Neural networks are getting deeper. Indeed, it’s this adding of layers, according to Hardesty, that is “what the ‘deep’ in ‘deep learning’ refers to”. This matters, he proposes, because “currently, deep learning is responsible for the best-performing systems in almost every area of artificial intelligence research”.
But the mystery gets deeper still. As the layers of neural networks have piled higher their complexity has grown. It has also led to the growth in what are referred to as “hidden layers” within these depths. The discussion of the optimum number of hidden layers in a neural network is ongoing. The media theorist Beatrice Fazi has written that “because of how a deep neural network operates, relying on hidden neural layers sandwiched between the first layer of neurons (the input layer) and the last layer (the output layer), deep-learning techniques are often opaque or illegible even to the programmers that originally set them up”.
As the layers increase (including those hidden layers) they become even less explainable – even, as it turns out, again, to those creating them. Making a similar point, the prominent and interdisciplinary new media thinker Katherine Hayles also noted that there are limits to “how much we can know about the system, a result relevant to the ‘hidden layer’ in neural net and deep learning algorithms”.
Pursuing the unexplainable
Taken together, these long developments are part of what the sociologist of technology Taina Bucher has called the “problematic of the unknown”. Expanding his influential research on scientific knowledge into the field of AI, Harry Collins has pointed out that the objective with neural nets is that they may be produced by a human, initially at least, but “once written the program lives its own life, as it were; without huge effort, exactly how the program is working can remain mysterious”. This has echoes of those long-held dreams of a self-organising system.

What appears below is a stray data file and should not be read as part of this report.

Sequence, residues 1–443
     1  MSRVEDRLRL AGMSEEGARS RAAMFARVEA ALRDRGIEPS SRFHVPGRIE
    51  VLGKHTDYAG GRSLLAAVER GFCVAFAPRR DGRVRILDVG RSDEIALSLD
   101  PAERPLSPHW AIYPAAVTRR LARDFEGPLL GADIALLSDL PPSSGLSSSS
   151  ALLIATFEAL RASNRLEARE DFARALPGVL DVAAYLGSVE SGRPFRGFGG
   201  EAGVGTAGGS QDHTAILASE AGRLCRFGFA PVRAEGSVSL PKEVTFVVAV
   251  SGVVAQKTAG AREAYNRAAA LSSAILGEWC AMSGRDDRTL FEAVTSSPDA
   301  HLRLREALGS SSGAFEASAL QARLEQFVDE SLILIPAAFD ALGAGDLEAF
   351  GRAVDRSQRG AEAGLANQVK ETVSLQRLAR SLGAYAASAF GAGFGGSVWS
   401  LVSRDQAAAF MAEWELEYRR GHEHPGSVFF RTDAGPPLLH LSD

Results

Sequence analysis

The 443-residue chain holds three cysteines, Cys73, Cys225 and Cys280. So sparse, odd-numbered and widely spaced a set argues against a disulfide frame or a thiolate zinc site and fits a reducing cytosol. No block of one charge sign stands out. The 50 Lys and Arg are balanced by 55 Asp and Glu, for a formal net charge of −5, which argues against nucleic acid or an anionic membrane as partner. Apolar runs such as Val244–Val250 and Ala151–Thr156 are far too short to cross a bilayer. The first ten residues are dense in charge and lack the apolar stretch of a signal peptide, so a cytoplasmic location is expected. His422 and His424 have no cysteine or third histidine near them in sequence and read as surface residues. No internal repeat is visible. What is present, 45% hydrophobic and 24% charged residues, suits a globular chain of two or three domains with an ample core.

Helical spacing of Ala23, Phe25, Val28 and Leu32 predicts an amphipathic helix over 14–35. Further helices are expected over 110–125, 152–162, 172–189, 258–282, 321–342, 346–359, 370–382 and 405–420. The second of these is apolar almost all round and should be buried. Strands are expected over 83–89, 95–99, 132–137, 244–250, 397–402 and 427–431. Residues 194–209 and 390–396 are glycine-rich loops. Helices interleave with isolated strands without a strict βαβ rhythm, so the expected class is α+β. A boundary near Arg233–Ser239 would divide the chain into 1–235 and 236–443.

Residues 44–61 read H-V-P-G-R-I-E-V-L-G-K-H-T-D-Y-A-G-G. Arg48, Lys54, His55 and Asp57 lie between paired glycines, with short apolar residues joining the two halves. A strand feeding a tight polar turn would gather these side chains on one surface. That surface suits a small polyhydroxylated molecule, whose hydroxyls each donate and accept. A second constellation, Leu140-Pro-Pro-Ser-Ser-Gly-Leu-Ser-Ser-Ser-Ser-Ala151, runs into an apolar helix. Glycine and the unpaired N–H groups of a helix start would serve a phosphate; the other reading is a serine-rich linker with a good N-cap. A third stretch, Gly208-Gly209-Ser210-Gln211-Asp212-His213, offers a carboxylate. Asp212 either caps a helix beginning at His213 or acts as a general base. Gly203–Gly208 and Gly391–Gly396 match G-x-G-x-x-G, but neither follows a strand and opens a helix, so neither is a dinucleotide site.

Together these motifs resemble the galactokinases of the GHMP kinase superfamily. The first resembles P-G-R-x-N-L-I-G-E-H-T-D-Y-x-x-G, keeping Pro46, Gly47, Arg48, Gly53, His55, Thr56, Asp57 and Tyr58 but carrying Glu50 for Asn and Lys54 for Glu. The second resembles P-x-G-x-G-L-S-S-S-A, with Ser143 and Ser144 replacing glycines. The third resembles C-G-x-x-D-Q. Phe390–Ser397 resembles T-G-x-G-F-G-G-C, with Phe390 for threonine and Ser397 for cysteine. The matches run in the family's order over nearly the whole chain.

I’d add to this that the unknown and maybe even the unknowable have been pursued as a fundamental part of these systems from their earliest stages. There is a good chance that the greater the impact that artificial intelligence comes to have in our lives the less we will understand how or why.
But that doesn’t sit well with many today. We want to know how AI works and how it arrives at the decisions and outcomes that impact us. As developments in AI continue to shape our knowledge and understanding of the world, what we discover, how we are treated, how we learn, consume and interact, this impulse to understand will grow. When it comes to explainable and transparent AI, the story of neural networks tells us that we are likely to get further away from that objective in the future, rather than closer to it.
Written By David Beer